In Madagascar, we will sign a three-year agreement with Catholic Relief Services (CRS) to implement a new water and sanitation project, “Rural Access to New Opportunities for Health and Water Resource Management” or RANON’ALA. The project will target more than 125,730 vulnerable people in 14 rural communes of Madagascar.

A Dispatch from the Tunisian and Libyan Border

Nancy Lindborg is the Assistant Administrator for the Bureau for Democracy, Conflict and Humanitarian Assistance at USAID on the ground. Photo Credit: USAID

Ras Jdir, Tunisia: I heard boisterous singing as I walked through the transit camp on the border between Tunes and Libya. There, forming a human chain to pass boxes of supplies into a tent, was a group of Tunisian youth, volunteering to assist the tens of thousands of migrants fleeing the conflict in Libya. They provided a welcome counterpoint to the blowing sand and steady flow of Bangladesh, Somalia, Malian and other migrants struggling across the border and into the transit camp.

Only weeks after the Tunisians sparked a regional revolution on January 14th, toppling the corrupt regime of Ben Ali and inspiring the world with their aspirations for freedom and democracy, Tunisians have once again mobilized. The newly installed government of Tunisia quickly provided security and support for transit camps. Citizens across the country have spontaneously provided food, water and blankets, and driven to the border to volunteer. The energetic singers I encountered were part of a group of 40 Boy Scouts who came eager to help. There was a palpable sense of pride in their ability to organize and act in this new era of freedom.

Some 80,000 Tunisians worked inside Libya, alongside the more than a million guest workers from around the world — 200,000 have fled thus far. Already 30,000 Tunisians have returned, often to the poorer communities in the south, which means an influx of unemployed workers and loss of remittances. At the same time, the economy is reeling from loss of tourism in the wake of recent events and loss of important commerce with Libya. And yet, Tunisians, including those in these hardest hit communities, have generously reached out, determined to help.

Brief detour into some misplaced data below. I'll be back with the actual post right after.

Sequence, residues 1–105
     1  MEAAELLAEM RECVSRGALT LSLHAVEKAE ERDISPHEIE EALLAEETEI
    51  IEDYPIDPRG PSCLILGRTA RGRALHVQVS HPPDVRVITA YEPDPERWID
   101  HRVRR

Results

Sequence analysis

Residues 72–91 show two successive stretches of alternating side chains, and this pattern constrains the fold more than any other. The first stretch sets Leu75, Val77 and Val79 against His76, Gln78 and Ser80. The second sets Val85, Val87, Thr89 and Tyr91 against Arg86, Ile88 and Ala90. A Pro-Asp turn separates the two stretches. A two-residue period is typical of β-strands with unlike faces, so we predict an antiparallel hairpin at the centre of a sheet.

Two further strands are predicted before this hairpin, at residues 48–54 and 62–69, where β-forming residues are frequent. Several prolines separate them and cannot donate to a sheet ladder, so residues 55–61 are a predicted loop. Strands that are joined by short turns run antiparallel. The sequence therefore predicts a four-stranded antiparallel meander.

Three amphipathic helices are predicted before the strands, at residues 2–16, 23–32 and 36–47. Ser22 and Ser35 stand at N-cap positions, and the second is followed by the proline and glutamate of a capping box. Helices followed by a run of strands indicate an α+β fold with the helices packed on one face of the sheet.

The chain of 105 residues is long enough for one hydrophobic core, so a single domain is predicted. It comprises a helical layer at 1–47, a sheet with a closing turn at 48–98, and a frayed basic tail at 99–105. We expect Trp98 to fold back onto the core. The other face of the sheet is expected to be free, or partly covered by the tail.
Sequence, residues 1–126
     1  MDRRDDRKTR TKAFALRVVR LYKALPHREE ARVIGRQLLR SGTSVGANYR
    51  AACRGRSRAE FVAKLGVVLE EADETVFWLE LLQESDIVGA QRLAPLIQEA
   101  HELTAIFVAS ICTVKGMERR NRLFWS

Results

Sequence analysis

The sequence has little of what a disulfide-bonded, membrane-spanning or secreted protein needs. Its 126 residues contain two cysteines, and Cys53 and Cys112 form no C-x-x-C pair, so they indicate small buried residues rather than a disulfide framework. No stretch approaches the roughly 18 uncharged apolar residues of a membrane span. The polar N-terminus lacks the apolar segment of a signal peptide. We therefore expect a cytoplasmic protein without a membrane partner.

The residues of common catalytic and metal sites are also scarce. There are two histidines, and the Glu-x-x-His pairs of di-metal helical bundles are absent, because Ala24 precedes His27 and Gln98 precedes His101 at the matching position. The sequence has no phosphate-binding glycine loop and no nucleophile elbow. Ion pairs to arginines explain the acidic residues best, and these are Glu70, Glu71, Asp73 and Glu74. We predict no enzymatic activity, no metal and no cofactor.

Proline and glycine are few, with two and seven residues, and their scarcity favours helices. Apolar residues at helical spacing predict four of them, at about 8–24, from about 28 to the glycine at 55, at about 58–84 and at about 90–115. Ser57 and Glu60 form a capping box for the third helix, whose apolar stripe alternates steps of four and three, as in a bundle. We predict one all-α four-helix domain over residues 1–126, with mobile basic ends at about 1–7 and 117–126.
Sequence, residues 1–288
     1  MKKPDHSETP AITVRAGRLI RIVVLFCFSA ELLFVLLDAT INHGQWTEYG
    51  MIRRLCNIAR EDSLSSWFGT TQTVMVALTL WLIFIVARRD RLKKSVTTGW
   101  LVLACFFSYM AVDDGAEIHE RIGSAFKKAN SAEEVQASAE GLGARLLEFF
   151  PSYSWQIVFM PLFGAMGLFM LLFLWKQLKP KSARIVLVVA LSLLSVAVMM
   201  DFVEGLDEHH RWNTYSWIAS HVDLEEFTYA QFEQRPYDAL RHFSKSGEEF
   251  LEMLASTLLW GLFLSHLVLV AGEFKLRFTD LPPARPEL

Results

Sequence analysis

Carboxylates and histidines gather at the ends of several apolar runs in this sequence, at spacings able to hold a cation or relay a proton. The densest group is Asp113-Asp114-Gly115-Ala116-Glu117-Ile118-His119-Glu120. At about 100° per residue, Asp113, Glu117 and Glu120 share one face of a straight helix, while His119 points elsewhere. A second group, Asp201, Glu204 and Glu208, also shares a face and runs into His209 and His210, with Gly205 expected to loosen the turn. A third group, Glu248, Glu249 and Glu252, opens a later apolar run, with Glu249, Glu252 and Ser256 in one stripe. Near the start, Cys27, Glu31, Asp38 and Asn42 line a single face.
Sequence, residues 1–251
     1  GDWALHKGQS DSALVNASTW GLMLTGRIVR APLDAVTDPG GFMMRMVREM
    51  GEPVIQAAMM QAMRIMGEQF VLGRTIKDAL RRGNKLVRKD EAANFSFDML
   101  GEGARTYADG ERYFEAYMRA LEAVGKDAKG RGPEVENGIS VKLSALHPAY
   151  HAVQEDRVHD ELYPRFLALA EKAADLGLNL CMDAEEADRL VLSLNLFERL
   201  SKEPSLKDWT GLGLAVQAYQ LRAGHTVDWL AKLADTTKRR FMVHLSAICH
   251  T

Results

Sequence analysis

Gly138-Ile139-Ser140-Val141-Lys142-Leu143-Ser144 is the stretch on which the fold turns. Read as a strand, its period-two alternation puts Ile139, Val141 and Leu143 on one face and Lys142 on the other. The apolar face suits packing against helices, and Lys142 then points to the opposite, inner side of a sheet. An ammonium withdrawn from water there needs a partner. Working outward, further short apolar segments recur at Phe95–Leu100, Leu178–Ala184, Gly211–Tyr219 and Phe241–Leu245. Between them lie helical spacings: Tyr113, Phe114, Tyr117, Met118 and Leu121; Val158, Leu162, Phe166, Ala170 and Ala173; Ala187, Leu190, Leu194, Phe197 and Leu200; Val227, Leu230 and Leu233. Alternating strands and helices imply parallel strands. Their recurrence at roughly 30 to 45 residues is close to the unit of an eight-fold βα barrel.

I traveled with Eric Schwartz, Assistant Secretary for Population, Refugee and Migration at the U.S. Department of State to understand better the needs arising from the conflict now engulfing Libya. While there, we announced $17 million of urgent assistance, bringing the total U.S. Government aid to $47 million. Our assistance to-date has gone to UN organizations on the frontlines of managing the camps and transport, to international NGOs able to provide critical help to those still inside Libya, as well as to the Tunisian Red Crescent Society, now an important conduit for volunteers.

Our new funding will target urgent assistance to the Libyans who are still trapped inside a bloody conflict as well as enabling support for those communities in southern Tunisian hardest hit by this crisis. We are inspired by them and as Americans, we are proud to mobilize alongside them in this time of crisis.

I also stopped to talk with two migrants from Bangladesh. They had worked in Libya for a year, but had not received wages for several months. Their employer abruptly shut down the construction project where they had worked. Fearful of the rising violence they headed to the border and along the way were robbed of their remaining money and cellphones. When we met, they had joined the 40 Boy Scouts, inspired as well.

Nancy Lindborg is the Assistant Administrator for the Bureau for Democracy, Conflict and Humanitarian Assistance at USAID.